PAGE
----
In the late ‘90s, Cameron Currie, now a professor of bacteriology at the University of Wisconsin, traversed through the Panamanian rainforest to observe the world’s most ancient agriculturalists: leaf-cutter ants.
These unique ants could be the key to addressing humans’ increasing resistance to antibiotics.
Like humans, leaf-cutter ants grow their own food, a fungus related to the common mushroom. They can carry 5,000 times their body weight, Currie said, and strip the leaves of an entire tree in one day to feed their fungal gardens.
Currie plowed through the dirt with his hands, uprooting colonies containing millions of ants that find shelter within the 3,000 rooms connected by intertwining tunnels underneath the tropical terrain.
After taking a closer look at the leaf-cutter ants in his lab, he noticed it: a waxy substance covering the ants’ bodies.
But after sifting through thousands of articles, he found nothing to explain its purpose.
By separating the ants from their fungal gardens in his lab, Currie discovered this wax coating wasn’t actually wax at all, but a special type of bacteria.
In the absence of the bacteria-donning ants, Currie observed that their fungal gardens began contracting diseases — leading to an all-too human realization.
“I actually stated it as a joke,” said Currie. “Wouldn’t it be funny if these ants are using antibiotic-producing bacteria like humans do?’”
Currie’s discovery of antibiotic-producing bacteria on the bodies of millions of leaf-cutter ants, as well as common insects found in the United States, could potentially replace soil bacteria as a source of antibiotics. Soil bacteria is currently used in 75 to 85 percent of pharmaceutical drugs that are losing effectiveness on humans across the globe.
Not only do these antibiotics fight infection, they are also used in critical medical practices such as transplant surgery and premature childbirth, Currie said.
“It’s fundamental to all modern medicine,” Currie said. “If you took away antibiotics, we would be biomedically put back in the dark ages.”
Though bacterial diseases are treatable with most of these antibiotics, some bacteria’s resistance to some antibiotic strains found in this group of soil bacteria means the mortality rate from these infections has dangerously increased, UW Professor of Medicine and Division Chief of Infectious Disease Dr. David Andes said.
A survey conducted in the UK, Andes said, predicted that by 2050 more than 10 million people will die per year from antibiotic-resistant diseases — more than the amount of people who die annually from heart disease and cancer combined.
But even healthy people too, Andes said, can be infected by antibiotic-resistant bacteria, meaning no group of people are immune.
For doctors and nurses who work at the UW Hospital, these cases are becoming more common.
“Here at the hospital, easily half of the infections we treat are drug-resistant infections,” Andes said. “We see patients [at least once] every day for which we don’t have any effective antibiotic therapy. …There’s really not anything we can do, they usually don’t survive.”
MRSA, a bacterial infection which causes noticeable wounds on the skin and severe pneumonia, has, over the past 15 years, become a quintessential case of antibiotic-resistant bacteria, according to the American Museum of Natural History.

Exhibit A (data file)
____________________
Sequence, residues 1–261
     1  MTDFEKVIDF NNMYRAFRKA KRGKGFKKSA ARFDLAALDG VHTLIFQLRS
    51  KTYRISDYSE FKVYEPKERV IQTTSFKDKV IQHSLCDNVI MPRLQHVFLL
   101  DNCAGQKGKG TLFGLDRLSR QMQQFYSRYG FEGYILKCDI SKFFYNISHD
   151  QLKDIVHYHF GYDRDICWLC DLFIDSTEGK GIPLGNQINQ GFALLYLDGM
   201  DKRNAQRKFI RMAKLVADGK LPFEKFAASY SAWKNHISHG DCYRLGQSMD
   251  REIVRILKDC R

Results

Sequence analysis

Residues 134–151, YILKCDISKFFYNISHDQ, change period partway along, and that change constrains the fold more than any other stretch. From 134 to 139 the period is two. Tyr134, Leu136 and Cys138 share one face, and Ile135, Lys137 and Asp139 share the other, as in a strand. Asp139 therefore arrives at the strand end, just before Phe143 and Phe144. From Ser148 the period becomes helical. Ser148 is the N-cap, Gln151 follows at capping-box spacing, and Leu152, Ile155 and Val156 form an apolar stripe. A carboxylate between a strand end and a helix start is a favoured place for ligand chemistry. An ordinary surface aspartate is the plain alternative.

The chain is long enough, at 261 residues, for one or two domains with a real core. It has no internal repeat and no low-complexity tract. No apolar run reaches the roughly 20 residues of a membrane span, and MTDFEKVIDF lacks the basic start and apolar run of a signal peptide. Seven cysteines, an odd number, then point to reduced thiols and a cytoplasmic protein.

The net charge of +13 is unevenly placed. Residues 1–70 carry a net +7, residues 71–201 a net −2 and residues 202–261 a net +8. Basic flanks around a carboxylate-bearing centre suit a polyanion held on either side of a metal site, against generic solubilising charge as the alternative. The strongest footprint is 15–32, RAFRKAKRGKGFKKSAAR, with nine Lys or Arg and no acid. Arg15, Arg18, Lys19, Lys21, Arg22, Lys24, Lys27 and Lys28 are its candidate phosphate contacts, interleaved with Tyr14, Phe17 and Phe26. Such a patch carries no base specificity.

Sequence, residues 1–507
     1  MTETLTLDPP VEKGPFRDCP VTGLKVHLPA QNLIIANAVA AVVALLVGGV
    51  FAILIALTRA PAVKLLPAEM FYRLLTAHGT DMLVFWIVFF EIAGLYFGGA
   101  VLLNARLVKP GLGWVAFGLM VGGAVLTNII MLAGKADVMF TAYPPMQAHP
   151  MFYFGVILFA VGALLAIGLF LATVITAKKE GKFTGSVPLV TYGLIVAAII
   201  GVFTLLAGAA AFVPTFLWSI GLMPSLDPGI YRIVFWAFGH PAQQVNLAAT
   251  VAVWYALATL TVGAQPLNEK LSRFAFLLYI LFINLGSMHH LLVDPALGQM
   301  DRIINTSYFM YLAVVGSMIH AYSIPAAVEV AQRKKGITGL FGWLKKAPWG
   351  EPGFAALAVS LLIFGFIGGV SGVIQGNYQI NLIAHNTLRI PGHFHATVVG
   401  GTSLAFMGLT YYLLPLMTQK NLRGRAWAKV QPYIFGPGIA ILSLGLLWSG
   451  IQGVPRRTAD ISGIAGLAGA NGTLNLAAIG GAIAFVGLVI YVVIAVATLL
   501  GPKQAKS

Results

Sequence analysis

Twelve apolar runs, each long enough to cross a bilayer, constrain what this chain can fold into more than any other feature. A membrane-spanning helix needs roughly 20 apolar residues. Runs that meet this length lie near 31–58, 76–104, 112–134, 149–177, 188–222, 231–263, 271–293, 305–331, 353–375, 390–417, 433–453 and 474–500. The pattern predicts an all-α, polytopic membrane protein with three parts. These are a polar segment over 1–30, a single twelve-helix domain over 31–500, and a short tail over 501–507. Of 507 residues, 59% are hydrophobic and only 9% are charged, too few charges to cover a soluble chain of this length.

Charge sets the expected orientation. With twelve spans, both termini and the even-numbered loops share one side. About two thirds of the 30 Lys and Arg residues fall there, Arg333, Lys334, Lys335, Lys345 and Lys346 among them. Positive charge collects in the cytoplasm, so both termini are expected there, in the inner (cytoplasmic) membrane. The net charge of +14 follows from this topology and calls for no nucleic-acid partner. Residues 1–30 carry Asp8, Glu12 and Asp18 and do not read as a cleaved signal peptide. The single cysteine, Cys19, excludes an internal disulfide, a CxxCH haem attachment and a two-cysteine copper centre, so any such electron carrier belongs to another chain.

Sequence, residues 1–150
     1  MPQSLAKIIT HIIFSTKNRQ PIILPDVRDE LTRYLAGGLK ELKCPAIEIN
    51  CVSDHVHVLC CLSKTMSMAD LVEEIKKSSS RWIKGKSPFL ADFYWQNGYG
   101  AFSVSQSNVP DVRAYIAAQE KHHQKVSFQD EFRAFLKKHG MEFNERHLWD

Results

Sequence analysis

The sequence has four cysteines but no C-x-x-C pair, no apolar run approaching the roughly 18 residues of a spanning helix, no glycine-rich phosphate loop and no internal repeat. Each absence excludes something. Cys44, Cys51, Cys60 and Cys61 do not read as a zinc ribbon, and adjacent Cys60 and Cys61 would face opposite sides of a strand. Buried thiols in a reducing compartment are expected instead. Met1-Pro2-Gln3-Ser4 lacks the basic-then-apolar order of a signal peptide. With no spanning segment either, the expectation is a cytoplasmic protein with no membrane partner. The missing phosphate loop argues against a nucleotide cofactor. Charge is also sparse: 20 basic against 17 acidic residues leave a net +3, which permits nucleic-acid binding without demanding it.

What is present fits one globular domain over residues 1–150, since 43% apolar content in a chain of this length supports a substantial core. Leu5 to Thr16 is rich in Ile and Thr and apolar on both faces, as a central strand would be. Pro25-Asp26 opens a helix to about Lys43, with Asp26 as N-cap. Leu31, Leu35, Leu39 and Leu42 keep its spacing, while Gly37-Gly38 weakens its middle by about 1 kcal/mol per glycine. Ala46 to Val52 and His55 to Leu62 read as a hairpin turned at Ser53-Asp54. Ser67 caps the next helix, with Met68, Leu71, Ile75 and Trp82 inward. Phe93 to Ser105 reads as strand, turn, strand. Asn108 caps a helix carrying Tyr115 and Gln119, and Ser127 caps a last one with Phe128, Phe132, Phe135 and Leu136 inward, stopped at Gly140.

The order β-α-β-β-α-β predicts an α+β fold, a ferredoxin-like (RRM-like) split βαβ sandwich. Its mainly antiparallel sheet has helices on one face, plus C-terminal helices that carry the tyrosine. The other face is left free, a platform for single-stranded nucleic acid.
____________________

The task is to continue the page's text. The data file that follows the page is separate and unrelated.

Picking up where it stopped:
The Centers for Disease Control and Prevention predict that antibiotic-resistant bacteria infect at least two million people in the U.S. every year. At least 23,000 of those people will die every year as a result — more than by HIV/AIDS in the US — unless a new strain of antibiotic is found, Currie said.
It takes 15 years, however, to develop a new pharmaceutical antibiotic, an undertaking which hasn’t been done in the last 20 years, Currie said.
Currently, in soil bacteria, only one out of every one million strains of antibiotics is found to have pharmaceutical potential, Currie said.
But thanks to Currie’s initial finding of fungal garden-preserving bacteria found on leaf-cutter ants, he and his lab have discovered 25 new antibiotics from screening only 250 strains of insect bacteria, including honeybees found throughout the United States and even on the UW campus.
Finding one new potential antibiotic per 10 strains of insect bacteria is a promising result, Currie said, adding that there is a 20 percent chance that these new antibiotics can be used pharmaceutically.
To become a pharmaceutical drug, however, researchers must invest several years of their lives and capitalists must invest millions of dollars.
But a 20 percent success rate for a potential pharmaceutical drug with an unknown monetary return, compared to a guaranteed profit from a cholesterol drug finding with the same success rate, doesn’t scream dollar signs to investors with millions at stake.
“We’re actually now in what’s called the ‘valley of death’ between having really promising results but not having it de-risked enough,” Currie said.
To make it through this “valley of death,” Currie has partnered with Andes.
Together, Currie and Andes, as well as two scientists based in Schenectady, New York, have created a startup company called Symbiotic to seek financial resources through federal grants to further their research endeavors on promising insect antibiotic strains.
“That would be sort of the pie-in-the-sky goal,” Andes said. “That this [insect antibiotic research] could keep going, that we could continue to develop new antibiotics that we are discovering.”
Once Currie and Andes are able to find sufficient funds for their research, they hope to patent their antibiotic strains for pharmaceutical use.
WARF, the Wisconsin Alumni Research Foundation at UW-Madison which supports Currie’s research, would be given some of the revenue the antibiotic patent makes, Currie said.
“We as a society need to invest in basic science to identify the innovations that lead to the future biomedical practices that we depend on,” Currie said.